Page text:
17S8. married Dana R. Parker: George, born May
29. 1701. married Susan Waite. May 6. 1816, who
died September 27. 1856; he died November it,
i860; Luke, born August 16. 1794. married Betsey
Stone, of Petersboro, New Hampshire, died April

29. 1S71 : she died March 30. 1S73: Henry, bnrn Sep-
tember 19, 1796. married Keziah Newton, February
12. 1822, who died January 9, 1837; he died April

30. i8w.

(VII) George Williams, son of John (6) and
Sarah (Davis) Williams, was horn in Hubbards-
ton, Massachusetts, May 29, 1791. The village of
Williamsville in Hubbardston was named for George
Williams, who was by all odds the most important
man of the western part of the town. The village
of Williamsville is in the narrow Burnshirt valley,
between steep hills, four miles wist of Hubbardston,
six miles south from Templeton. six miles east from
Petersham, and four miles north from Barre. The
two Indian paths from Lancaster to Nichewaug

pond, one going north, the other south of Wachu-
sett mountain, converged here. The first road built
by the English settlers was along the trail to Lan-
caster and Petersham. The Ware River Railroad be-
gan operations through the village in 1873. The first
store was opened in 1816 by George Williams and
his brother Luke, nearly opposite the E. W. Sheldon
house. In 1842 the store was moved to new quarters
in the Felton house at the corner, where business-
was carried on by the successors of Mr. Williams.
A chapel was dedicated in 1889, and is used in turn
by the preachers of various denominations for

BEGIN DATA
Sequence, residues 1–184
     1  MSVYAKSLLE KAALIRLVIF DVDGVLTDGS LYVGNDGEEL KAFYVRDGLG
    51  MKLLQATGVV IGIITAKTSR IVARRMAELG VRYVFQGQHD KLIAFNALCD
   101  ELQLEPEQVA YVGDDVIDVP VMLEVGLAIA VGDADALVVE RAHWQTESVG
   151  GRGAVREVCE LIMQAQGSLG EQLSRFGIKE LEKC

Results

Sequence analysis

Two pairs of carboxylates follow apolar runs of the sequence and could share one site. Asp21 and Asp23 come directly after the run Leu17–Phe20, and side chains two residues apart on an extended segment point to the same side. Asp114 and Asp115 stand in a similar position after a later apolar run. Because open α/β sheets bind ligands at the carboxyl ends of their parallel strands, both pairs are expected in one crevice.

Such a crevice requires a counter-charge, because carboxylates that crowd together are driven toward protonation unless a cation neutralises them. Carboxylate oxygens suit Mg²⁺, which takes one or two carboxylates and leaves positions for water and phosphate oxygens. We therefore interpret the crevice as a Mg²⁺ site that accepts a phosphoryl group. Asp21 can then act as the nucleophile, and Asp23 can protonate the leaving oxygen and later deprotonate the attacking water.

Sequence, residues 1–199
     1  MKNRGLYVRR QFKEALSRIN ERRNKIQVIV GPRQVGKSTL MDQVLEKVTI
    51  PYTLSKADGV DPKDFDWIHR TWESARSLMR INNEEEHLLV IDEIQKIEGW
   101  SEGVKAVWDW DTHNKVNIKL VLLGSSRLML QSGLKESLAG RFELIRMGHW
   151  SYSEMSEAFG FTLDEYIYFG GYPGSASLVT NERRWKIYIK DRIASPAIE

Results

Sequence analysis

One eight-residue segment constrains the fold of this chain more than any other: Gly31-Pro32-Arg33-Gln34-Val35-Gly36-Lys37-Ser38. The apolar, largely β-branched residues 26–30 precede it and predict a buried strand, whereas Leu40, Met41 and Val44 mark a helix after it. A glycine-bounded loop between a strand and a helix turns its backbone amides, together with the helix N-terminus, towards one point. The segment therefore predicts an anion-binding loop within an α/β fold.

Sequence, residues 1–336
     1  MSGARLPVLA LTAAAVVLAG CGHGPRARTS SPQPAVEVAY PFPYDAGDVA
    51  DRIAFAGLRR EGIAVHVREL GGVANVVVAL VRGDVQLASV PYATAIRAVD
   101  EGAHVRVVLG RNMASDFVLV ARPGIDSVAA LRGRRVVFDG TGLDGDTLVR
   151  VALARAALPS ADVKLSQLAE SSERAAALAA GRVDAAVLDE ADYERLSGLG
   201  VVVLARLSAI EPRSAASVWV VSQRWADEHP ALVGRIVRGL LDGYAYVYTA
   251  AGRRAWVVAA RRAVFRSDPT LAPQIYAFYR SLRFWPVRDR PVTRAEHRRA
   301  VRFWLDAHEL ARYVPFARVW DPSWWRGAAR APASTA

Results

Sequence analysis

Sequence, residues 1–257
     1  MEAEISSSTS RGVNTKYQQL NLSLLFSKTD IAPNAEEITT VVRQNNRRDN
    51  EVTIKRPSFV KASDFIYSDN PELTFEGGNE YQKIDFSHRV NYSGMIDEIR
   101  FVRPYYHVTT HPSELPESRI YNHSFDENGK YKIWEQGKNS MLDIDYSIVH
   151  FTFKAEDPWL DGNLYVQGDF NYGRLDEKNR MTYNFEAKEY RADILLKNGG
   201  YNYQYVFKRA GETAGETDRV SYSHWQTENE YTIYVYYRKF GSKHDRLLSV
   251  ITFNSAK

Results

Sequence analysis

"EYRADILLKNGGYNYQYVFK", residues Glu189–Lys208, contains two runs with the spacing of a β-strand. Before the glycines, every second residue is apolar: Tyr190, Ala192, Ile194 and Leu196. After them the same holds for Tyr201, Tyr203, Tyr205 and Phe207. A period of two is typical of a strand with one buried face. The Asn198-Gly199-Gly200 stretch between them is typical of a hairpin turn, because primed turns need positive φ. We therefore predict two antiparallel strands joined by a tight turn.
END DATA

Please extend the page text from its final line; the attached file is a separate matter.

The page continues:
services, while it serves a useful purpose as well for
social gatherings and meetings. The village also
has the telegraph and telephone stations. The only
factory is an extensive wax making concern owned
and operated by William H. Bowdlear. of Boston.
George Williams served as a justice of the peace and
town magistrate in the early days, was assessor of
the town of Hubbardston, also selectman, and was
representative to the general court in 1839 and 1840.
The homestead buildings were all destroyed by fire
December 26, 1904. The mansion was built about
forty years before by John D. Williams, a son of
George Williams, and was for many years the fin-
est residence in the town. The house was occupied
by Avaline Williams, daughter of George Williams,
who taught school in Worcester for many years.

A sketch of this picturesque village, which George
Williams helped to developed in his capacity of store
keeper, land owner and business man, would be in-
complete without mention of a famous character of
a century ago, "Old Grimes," who has been immor-
talized in verse, of which the following is familiar
to all Americans :

Old Grimes is dead.

That good old man.

We ne'er shall see him more

He used to wear a long blue coat

All buttoned up before.

Grimes was born and brought up in Hubbardston.
His many eccentricities, some of which amounted
to crimes, to escape punishment for which he fled to
Canada, would fill a book. He returned to Hub-
bardston a pauper and died there. A historian has
called him weak-minded, made so by hobgoblin